Treasury published the long-awaited White Paper on reforming financial markets on 8 July. It wants to make changes that will:  

  • give more effective prudential regulation and supervision of firms;  
  • place greater emphasis on monitoring and managing system-wide risks;  
  • improve confidence that regulators are equipped to deal with crises; and  
  • give the taxpayer more protection when the Government has to take action in respect of a financial institution.  

It plans to do this in a number of ways:  

  • giving FSA more powers, including making financial stability a statutory objective and enhancing its powers to deal with individual institutions and market misconduct and letting it get more information from unregulated institutions. This can help determine threats to stability and whether other institutions should fall under FSA’s regulatory remit;  
  • retaining the framework of BoE contributing to financial stability with FSA supervising all institutions. But strengthening the framework, already started through the Banking Act 2009. BoE will have to identify specific risks and actions in its Financial Stability Report and co-ordination between authorities must improve. The Government plans legislation that will create a Council for Financial Stability of which the Tripartite Authorities will be members. It will have statutory duties to consider and report on matters of financial stability. The Government intends the new Council to consider remuneration at its first meeting;  
  • building on the approach of the Banking Act to failures: the Government wants stronger market discipline (including through the Walker Report reforms to Corporate Governance and FSA’s Code of Practice), more stringent regulation of systemically important firms (including their required capital and liquidity levels), requiring firms to have plans for managing their own failure and a better market infrastructure (particularly for securitisations and specific derivatives). It wants derivatives to be standardised so far as possible, and to clear through CCPs. The Government believes this approach is better than limiting firms’ activities in a Glass-Steagall style approach, or placing arbitrary limits on the size of banks;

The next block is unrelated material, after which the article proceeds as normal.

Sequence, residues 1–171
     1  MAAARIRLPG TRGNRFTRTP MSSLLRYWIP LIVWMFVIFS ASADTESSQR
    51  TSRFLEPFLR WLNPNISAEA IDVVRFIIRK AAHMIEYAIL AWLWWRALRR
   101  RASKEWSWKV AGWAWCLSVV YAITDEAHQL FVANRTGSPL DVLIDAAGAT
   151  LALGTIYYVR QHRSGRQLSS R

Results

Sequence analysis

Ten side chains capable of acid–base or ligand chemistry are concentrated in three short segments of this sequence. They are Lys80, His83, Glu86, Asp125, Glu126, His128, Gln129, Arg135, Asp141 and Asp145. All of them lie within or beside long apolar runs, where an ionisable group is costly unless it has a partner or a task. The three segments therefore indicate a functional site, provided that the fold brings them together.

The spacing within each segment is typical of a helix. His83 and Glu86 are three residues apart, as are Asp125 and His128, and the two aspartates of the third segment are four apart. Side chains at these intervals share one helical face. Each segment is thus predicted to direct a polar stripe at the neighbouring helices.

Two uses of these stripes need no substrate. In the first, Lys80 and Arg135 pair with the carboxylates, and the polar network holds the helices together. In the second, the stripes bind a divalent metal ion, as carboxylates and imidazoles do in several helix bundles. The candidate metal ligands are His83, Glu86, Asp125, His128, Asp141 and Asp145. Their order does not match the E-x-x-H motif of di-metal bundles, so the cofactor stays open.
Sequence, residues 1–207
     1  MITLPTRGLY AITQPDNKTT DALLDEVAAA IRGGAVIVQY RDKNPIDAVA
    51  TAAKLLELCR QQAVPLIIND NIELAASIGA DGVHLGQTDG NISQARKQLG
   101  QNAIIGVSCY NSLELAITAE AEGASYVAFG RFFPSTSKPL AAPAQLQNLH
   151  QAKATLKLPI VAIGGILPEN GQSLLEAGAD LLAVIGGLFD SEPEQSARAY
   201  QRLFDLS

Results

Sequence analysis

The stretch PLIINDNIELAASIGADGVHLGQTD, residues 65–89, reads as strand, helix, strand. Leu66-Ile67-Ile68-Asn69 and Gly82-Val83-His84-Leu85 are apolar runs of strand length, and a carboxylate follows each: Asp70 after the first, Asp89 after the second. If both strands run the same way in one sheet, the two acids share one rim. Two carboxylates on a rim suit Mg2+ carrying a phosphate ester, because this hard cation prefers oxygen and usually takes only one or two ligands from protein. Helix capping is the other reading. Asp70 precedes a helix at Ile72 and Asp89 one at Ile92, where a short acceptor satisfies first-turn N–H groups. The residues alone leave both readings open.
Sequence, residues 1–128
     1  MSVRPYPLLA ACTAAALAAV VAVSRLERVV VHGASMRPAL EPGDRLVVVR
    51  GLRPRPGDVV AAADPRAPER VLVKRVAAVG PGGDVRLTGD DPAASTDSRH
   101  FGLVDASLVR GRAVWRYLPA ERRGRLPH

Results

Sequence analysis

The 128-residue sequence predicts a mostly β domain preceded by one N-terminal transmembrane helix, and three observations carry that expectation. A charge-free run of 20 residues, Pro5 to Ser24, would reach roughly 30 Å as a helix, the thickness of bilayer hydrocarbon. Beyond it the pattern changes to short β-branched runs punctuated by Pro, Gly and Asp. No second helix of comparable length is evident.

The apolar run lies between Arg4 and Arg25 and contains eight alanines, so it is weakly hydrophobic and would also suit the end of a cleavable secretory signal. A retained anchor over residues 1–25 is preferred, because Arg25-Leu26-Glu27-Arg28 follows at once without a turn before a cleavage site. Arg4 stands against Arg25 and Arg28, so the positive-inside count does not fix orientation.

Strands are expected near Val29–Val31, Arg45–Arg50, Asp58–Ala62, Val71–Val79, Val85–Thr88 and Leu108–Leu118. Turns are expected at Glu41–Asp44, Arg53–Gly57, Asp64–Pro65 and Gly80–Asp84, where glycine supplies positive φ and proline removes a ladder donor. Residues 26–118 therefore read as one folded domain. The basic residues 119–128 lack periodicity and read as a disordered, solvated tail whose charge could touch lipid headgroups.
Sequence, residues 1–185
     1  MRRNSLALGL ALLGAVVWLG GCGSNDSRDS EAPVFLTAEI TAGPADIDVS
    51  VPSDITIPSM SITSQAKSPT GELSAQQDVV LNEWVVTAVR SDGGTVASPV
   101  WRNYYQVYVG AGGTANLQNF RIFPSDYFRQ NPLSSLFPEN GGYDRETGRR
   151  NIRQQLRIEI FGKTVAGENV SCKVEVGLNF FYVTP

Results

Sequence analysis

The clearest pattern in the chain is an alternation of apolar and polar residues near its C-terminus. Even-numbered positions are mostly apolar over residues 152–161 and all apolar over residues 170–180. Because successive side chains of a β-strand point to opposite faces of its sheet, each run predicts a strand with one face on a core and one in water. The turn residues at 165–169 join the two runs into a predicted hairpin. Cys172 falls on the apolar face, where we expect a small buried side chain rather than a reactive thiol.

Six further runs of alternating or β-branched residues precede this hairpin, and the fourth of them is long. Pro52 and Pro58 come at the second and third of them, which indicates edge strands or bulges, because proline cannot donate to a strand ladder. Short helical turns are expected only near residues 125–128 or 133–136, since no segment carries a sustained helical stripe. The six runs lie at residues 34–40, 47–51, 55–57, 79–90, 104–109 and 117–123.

• pre-funding FSCS deposit-taking class, so industry can contribute to the costs of a failure before it happens. It also thinks FSCS should be the single point of contact in the UK for other Member States' guarantee schemes and should act as agent for UK customers; and  
  • introducing consumer help, such as improving advice on capability and access to simple products. It also wants to improve how to deal with widespread complaints.  

The consultation poses around 60 specific questions and wants responses by 30 September. In his speech announcing the consultation, the Chancellor stressed the need to maintain competitive markets in the UK to allow new entrants including non-banks. He said he would require FSA to report on compliance with its remuneration code and would expect boards and investors to be involved in risk management, with a greater role for NEDs.